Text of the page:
# Key Eleven

## An Advanced Mathematics Lesson Starter Of The Day

Choose 4 keys on your calculator key pad that are positioned in the four corners of a rectangle. Use these keys to type in a 4-digit number going round your rectangle either clockwise or anticlockwise. Eg. 3146

Check that your 4-digit number is a multiple of eleven.

Can you prove that all 4-digit numbers formed this way are multiples of 11?

Is this strange result also true for numbers formed from keys on the corners of a parallelogram?

Note 1: The rectangles referred to above have horizontal or vertical sides.

Note 2: A divisibility test for eleven is to consider the alternating digit sum of the number. If this is divisible by eleven then the original number is also divisible by eleven. For example, if a four digit number has digits a, b, c and d then the alternating digit sum is a - b + c - d.

Share

Topics: Starter

How did you use this starter? Can you suggest how teachers could present or develop this resource? Do you have any comments? It is always useful to receive feedback and helps make this free resource even more useful for Maths teachers anywhere in the world.

If you don't have the time to provide feedback we'd really appreciate it if you could give this page a score! We are constantly improving and adding to these starters so it would be really helpful to know which ones are most useful. Simply click on a button below:

Excellent, I would like to see more like this
Good, achieved the results I required
Satisfactory
Didn't really capture the interest of the students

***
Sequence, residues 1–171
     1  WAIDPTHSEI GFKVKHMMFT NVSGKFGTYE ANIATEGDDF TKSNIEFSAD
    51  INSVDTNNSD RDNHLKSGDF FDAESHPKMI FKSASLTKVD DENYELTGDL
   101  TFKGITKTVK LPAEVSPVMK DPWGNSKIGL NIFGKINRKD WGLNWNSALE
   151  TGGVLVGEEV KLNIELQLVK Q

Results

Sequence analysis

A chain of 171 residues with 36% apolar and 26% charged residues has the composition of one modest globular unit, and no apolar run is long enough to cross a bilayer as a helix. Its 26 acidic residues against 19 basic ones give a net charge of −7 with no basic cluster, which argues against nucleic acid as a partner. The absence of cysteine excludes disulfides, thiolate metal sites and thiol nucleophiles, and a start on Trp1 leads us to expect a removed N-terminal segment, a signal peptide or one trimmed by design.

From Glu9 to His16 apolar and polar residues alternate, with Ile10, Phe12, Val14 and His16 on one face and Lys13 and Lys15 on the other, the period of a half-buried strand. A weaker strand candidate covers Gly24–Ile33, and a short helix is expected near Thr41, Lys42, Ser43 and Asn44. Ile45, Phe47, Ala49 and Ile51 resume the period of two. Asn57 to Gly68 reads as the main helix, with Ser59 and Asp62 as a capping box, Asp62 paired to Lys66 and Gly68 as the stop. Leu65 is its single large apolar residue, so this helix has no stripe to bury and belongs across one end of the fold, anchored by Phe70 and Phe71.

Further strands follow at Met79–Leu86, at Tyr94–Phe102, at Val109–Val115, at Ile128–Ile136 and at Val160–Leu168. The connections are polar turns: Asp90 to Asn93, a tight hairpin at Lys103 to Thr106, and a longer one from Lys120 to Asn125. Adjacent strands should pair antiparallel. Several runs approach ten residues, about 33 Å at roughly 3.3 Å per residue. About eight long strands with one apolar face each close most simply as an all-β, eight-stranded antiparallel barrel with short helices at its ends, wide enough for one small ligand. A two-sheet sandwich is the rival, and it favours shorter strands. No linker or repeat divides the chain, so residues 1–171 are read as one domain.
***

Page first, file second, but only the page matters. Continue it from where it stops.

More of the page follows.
Not for me! I wouldn't use this type of activity.

This starter has scored a mean of 2.0 out of 5 based on 1 votes.

Previous Day | This starter is for | Next Day

Let the rectangle have a width of $$w$$ key spacings and a height of $$h$$ key spacings. (The example in the diagram above has $$w = 2$$ and $$h = 1$$ )

Let the number be formed by going around the rectangle in a clockwise direction starting from the top left (unlike the example in the diagram above).

Let the first digit of the 4-digit number be $$x$$.

The alternating digit sum is $$x - (x+w) + (x+w+h) - (x+h)$$

$$= x - x - w + x + w + h - x - h$$

$$= 0$$ (which is a multiple of 11 so the 4-digit number must also be a multiple of 11)

Also any cyclic permutation of the 4-digit number will be divisible by 11 (accounting for the example in the diagram above)

This should also be applicable to parallelograms

How did you use this starter? Can you suggest how teachers could present or develop this resource? Do you have any comments? It is always useful to receive feedback and helps make this free resource even more useful for Maths teachers anywhere in the world. Click here to enter your comments.

Your access to the majority of the Transum resources continues to be free but you can help support the continued growth of the website by doing your Amazon shopping using the links on this page. Below is an Amazon search box and some items chosen and recommended by Transum Mathematics to get you started.

## Numbers and the Making of Us

I initially heard this book described on the Grammar Girl podcast and immediately went to find out more about it. I now have it on my Christmas present wish list and am looking forward to receiving a copy (hint!).

"Caleb Everett provides a fascinating account of the development of human numeracy, from innate abilities to the complexities of agricultural and trading societies, all viewed against the general background of human cultural evolution. He successfully draws together insights from linguistics, cognitive psychology, anthropology, and archaeology in a way that is accessible to the general reader as well as to specialists." more...

For Students:

For All: